[1] “Doctors in one study successfully eliminated warts by painting them with a brightly colored, inert dye and promising patients the warts would be gone when the color wore off. In a study of asthmatics, researchers found that they could produce dilation of the airways by simply telling people they were inhaling a broncho-dilator, even when they were not. Patients suffering pain after wisdom-tooth extraction got just as much relief from a fake application of ultrasound as from a real one, so long as both patient and therapist thought the machine was on. Fifty-two percent of the colitis patients treated with placebo in 11 different trials reported feeling better — and 50 percent of the inflamed intestines actually looked better when assessed with a sigmoid-oscope. It is unlikely that such effects are purely psychological.”

First, let me encourage everyone to read the whole of Carroll’s long consideration of the placebo effect at his website.  I cannot include the entire article here due to its length, but I do think it is one of the better articles on his site.  (Some, like his article on Naturopathy are both factually incorrect and academically weak due to Carroll’s biased stance.  Like most of the Skeptics, he proves himself far from being actually skeptical about anything other than the specific topics that define their group focus.  About allopathy, for instance, he shows no skepticism at all, no matter how toxic various forms of allopathic treatments have been clinically shown to be.)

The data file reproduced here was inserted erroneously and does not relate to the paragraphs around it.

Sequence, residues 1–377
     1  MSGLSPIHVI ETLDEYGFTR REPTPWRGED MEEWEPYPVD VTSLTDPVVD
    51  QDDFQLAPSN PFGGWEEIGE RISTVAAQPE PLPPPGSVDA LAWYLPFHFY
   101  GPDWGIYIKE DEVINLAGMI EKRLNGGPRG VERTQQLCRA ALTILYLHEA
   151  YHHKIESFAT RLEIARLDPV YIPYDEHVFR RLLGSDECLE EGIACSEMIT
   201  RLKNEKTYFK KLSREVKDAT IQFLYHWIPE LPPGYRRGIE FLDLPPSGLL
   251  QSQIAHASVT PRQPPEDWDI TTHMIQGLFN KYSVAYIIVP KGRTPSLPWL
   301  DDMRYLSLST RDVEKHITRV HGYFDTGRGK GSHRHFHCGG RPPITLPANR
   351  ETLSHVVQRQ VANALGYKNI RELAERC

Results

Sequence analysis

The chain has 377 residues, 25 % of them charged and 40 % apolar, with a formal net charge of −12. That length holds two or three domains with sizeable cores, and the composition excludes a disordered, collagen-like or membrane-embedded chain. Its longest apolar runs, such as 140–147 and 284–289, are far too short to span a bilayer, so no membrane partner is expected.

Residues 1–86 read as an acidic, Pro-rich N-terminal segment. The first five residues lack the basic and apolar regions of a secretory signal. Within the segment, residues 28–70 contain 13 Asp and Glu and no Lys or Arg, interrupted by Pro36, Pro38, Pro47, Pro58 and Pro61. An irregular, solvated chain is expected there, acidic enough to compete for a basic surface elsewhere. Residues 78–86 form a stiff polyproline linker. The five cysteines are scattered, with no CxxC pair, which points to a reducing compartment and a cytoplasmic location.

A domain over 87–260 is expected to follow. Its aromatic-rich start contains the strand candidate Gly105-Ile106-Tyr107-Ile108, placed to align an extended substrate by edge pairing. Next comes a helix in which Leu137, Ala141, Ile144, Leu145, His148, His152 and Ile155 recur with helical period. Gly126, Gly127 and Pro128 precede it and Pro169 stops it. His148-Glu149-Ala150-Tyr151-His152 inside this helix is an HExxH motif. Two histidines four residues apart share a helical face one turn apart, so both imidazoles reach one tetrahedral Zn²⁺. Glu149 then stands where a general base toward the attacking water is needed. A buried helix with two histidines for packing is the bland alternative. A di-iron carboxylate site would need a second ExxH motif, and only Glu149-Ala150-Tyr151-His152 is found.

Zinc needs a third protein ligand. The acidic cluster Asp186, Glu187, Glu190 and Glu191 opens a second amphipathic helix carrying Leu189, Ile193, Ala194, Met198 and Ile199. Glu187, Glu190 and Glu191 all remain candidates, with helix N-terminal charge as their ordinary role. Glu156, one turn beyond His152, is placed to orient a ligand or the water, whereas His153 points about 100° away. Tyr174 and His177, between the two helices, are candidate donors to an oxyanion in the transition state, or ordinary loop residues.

I want to borrow one more bit from Carroll’s article on placebo effect before sharing my thoughts on the matter.  Consider H. K. Beecher (1904-1976), who brought the concept of placebo into the modern age.  Indeed, he is credited with coining the term “Placebo effect” in his 1955 paper entitled “The Powerful Placebo.” [click to tweet] Mid-twentieth century, he was intrigued by the fact that more than half of patients with certain conditions—common complaints like heart trouble and digestive disorders—could be significantly helped by doing nothing other than suggesting that they had been helped.  To explore the idea, he set up a number of studies.  Carroll comments on what happened next:

“Beecher started a wave of studies aimed at understanding how something (improvement in health) could be produced by nothing (the inactive placebo). Unfortunately, many of the studies have not been of particularly high quality. In fact, it has been argued by Kienle and Kiene (1997) that, contrary to what Beecher claimed, a re-analysis of his data found “no evidence of any placebo effect in any of the studies cited by him.” The reported improvements in heath were real but were due to other things that produced “false impressions of placebo effects” The re-analysis of Beecher’s data claims that the improvements were due to:

“Spontaneous improvement, fluctuation of symptoms, regression to the mean, additional treatment, conditional switching of placebo treatment, scaling bias, irrelevant response variables, answers of politeness, experimental subordination, conditioned answers, neurotic or psychotic misjudgement, psychosomatic phenomena, misquotation, etc.”

(Now, it should also be noted that Beecher, who was born Henry Unangst in Peck, Kansas, took the name “Beecher” as a young man in order to align himself with the New England Beechers, perhaps with famed preacher Henry Ward Beecher (not the similarity of the names), although he had not actual relation to them.  And it should be noted that Beecher is known to conspiracy theorists internet-wide because of his alleged involvement with the CIA in human drug tests, most notoriously on post-World War II German prisoners.  Apparently, no placebos were used in these tests.)

Moving forward, let’s try to find some meaning in this mess.

Let’s start from the place of agreement:  the placebo effect exists. There may be some disagreement as to exactly what it is, how it works and how effective it is (what it limits are in terms of health and healing), but all sides agree that there is some validity connected with the idea of the placebo effect.